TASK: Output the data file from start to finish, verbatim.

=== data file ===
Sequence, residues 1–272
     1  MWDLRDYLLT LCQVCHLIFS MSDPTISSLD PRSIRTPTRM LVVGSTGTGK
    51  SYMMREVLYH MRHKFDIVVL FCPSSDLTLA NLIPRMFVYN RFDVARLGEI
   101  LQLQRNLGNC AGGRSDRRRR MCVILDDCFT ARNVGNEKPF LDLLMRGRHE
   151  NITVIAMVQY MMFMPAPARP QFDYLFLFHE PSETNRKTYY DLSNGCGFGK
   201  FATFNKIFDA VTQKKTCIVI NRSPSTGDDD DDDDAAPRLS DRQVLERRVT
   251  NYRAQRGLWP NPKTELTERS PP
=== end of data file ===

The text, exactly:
Sequence, residues 1–272
     1  MWDLRDYLLT LCQVCHLIFS MSDPTISSLD PRSIRTPTRM LVVGSTGTGK
    51  SYMMREVLYH MRHKFDIVVL FCPSSDLTLA NLIPRMFVYN RFDVARLGEI
   101  LQLQRNLGNC AGGRSDRRRR MCVILDDCFT ARNVGNEKPF LDLLMRGRHE
   151  NITVIAMVQY MMFMPAPARP QFDYLFLFHE PSETNRKTYY DLSNGCGFGK
   201  FATFNKIFDA VTQKKTCIVI NRSPSTGDDD DDDDAAPRLS DRQVLERRVT
   251  NYRAQRGLWP NPKTELTERS PP